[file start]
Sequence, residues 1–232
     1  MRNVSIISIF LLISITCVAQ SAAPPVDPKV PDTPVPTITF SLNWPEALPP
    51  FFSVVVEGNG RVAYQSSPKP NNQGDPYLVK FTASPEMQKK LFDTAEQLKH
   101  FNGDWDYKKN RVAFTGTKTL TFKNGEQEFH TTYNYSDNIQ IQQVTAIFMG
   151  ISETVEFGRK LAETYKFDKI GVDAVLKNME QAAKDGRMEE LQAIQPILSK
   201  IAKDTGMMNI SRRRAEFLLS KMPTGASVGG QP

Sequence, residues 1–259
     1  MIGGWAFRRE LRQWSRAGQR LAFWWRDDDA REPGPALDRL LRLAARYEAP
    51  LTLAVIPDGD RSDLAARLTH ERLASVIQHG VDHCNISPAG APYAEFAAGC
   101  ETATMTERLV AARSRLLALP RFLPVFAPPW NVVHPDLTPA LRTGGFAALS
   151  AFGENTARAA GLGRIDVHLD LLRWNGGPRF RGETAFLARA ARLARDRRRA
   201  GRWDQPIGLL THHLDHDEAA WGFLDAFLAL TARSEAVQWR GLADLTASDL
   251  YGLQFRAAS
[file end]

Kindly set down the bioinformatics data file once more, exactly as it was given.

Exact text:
Sequence, residues 1–232
     1  MRNVSIISIF LLISITCVAQ SAAPPVDPKV PDTPVPTITF SLNWPEALPP
    51  FFSVVVEGNG RVAYQSSPKP NNQGDPYLVK FTASPEMQKK LFDTAEQLKH
   101  FNGDWDYKKN RVAFTGTKTL TFKNGEQEFH TTYNYSDNIQ IQQVTAIFMG
   151  ISETVEFGRK LAETYKFDKI GVDAVLKNME QAAKDGRMEE LQAIQPILSK
   201  IAKDTGMMNI SRRRAEFLLS KMPTGASVGG QP

Sequence, residues 1–259
     1  MIGGWAFRRE LRQWSRAGQR LAFWWRDDDA REPGPALDRL LRLAARYEAP
    51  LTLAVIPDGD RSDLAARLTH ERLASVIQHG VDHCNISPAG APYAEFAAGC
   101  ETATMTERLV AARSRLLALP RFLPVFAPPW NVVHPDLTPA LRTGGFAALS
   151  AFGENTARAA GLGRIDVHLD LLRWNGGPRF RGETAFLARA ARLARDRRRA
   201  GRWDQPIGLL THHLDHDEAA WGFLDAFLAL TARSEAVQWR GLADLTASDL
   251  YGLQFRAAS